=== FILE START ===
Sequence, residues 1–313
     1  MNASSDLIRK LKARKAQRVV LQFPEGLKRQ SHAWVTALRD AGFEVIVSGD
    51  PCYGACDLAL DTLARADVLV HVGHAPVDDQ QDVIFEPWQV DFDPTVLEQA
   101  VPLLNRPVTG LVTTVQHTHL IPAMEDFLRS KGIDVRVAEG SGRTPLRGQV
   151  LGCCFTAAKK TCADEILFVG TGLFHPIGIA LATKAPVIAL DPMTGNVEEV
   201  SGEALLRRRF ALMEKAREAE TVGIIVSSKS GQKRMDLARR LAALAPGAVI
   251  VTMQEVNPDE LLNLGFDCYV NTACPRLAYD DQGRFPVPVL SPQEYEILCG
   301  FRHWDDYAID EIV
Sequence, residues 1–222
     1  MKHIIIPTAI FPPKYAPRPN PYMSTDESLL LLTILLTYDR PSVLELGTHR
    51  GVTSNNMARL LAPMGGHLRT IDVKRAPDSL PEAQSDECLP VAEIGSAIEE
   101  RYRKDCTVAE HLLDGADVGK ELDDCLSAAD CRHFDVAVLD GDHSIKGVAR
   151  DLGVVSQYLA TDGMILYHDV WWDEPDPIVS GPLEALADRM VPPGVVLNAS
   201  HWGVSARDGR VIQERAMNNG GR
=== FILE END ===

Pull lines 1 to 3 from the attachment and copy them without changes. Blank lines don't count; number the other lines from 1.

Sequence, residues 1–313
     1  MNASSDLIRK LKARKAQRVV LQFPEGLKRQ SHAWVTALRD AGFEVIVSGD
    51  PCYGACDLAL DTLARADVLV HVGHAPVDDQ QDVIFEPWQV DFDPTVLEQA